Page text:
Joseph Vance ( born March 21, 1786 in Catfish, Washington County, Pennsylvania; † August 24, 1852 in Urbana, Ohio ) was an American politician and from 1836 to 1838 the 13th Governor of the state of Ohio.
Joseph Vance moved in 1788 with his father in Vanceburg, Kentucky. There he attended the local schools. He then worked as a salt merchant. He also came into the regions of the Northwest Territory. In 1805 he settled there in Urbana, where he worked as a farmer. During the war of 1812 Vance fought in the ranks of the militia, where he advanced from Major to Major General.
Between 1812 and 1816, and from 1819 to 1820 was Vance deputy in the House of Representatives from Ohio. In 1820 he was a member of a conference to revise the state constitution. Between 1821 and 1835, he represented his state in the U.S. House of Representatives in Washington. There he was a member of several committees. During this time, Vance joined the Whig party to. In 1836 he was elected as the first candidate of that party for governor of Ohio, where he prevailed with 51.6 percent of the vote to Democrat Eli Baldwin.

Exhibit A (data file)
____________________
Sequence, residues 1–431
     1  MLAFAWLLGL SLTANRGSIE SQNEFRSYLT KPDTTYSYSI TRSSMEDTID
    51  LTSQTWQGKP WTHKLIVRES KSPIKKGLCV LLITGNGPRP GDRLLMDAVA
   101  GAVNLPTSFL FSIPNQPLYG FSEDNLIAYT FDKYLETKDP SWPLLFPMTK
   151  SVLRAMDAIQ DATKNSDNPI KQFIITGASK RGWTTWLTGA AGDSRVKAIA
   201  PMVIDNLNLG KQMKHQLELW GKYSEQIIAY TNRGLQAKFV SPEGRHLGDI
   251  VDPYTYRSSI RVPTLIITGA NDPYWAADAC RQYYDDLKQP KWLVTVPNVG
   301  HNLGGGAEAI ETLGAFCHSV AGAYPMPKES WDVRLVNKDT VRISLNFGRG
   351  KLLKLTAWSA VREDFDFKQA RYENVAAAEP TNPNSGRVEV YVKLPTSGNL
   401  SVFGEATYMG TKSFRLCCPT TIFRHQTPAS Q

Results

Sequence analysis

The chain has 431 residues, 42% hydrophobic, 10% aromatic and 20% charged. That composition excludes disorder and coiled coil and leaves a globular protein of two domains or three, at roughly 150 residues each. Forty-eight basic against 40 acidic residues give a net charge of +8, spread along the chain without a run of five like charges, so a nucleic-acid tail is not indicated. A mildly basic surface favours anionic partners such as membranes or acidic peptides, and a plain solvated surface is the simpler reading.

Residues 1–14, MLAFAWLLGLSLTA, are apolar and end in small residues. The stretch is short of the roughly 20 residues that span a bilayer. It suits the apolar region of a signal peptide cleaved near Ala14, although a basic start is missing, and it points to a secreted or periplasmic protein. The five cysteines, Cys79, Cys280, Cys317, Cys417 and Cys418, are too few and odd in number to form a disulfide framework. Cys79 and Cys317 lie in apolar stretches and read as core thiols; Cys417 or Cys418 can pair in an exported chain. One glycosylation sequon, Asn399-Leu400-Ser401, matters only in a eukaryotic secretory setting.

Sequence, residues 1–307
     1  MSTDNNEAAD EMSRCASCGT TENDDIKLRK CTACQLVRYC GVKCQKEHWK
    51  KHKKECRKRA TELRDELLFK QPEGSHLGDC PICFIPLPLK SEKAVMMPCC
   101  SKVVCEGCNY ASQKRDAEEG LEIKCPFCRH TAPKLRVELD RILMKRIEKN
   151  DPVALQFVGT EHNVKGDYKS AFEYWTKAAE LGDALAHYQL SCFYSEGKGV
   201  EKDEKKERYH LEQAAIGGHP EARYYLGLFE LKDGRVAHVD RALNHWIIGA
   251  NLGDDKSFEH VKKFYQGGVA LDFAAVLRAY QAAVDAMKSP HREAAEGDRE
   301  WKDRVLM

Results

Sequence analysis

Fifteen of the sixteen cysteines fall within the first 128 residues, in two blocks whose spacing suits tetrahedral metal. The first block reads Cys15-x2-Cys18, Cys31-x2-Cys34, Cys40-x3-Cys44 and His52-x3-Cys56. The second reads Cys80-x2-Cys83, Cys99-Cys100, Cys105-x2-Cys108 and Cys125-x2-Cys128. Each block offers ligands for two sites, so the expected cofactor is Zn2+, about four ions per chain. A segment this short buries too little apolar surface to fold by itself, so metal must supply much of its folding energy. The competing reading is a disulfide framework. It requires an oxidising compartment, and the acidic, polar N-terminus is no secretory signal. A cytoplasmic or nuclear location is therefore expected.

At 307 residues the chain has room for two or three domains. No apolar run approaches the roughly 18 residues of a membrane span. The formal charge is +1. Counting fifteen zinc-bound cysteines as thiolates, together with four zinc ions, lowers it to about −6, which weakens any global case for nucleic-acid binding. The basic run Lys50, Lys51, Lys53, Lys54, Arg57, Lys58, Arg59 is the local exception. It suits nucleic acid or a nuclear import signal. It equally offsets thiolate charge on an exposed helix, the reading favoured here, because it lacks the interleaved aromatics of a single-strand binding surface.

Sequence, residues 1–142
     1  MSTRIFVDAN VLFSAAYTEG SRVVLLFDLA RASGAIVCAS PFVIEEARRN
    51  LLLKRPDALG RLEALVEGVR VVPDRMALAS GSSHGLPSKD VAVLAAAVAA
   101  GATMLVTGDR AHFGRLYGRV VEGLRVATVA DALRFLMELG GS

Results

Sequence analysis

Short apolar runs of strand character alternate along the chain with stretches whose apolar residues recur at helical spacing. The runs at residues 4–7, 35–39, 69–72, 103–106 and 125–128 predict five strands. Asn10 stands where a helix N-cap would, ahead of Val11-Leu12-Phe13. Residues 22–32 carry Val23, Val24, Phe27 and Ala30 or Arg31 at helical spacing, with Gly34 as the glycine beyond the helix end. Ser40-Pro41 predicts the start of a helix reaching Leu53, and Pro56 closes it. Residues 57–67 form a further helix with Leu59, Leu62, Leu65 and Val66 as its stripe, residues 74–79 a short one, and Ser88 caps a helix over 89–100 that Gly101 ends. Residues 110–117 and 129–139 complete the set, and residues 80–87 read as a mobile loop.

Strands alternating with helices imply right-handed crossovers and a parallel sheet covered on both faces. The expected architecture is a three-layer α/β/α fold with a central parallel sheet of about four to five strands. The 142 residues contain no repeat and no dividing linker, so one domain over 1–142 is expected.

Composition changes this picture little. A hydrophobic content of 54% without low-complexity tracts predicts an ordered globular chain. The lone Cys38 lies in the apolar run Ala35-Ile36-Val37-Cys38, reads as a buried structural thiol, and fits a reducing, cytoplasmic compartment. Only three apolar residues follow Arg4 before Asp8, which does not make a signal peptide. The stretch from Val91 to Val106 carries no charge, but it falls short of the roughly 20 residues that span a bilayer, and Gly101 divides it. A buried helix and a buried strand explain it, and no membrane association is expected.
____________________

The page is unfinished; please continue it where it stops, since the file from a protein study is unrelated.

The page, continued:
Vance took up his new post on 12 December 1836. In his two-year tenure of the channel expansion in Ohio was further promoted and initiated a school reform in the way. Vance campaigned for the abolition of the death penalty. When he surrendered an escape helper for slaves to the state of Kentucky, lost among the abolitionists in Ohio prestige. This cost him reelection in 1838.
Between 1839 and 1841 Vance sat in the Senate of Ohio; 1843-1847 he was again at the U.S. House of Representatives. Then he was a delegate to the Whig National Convention, which was held in Baltimore in June 1852. Joseph Vance died in August of the same year in Urbana. He was married to Mary Lemen.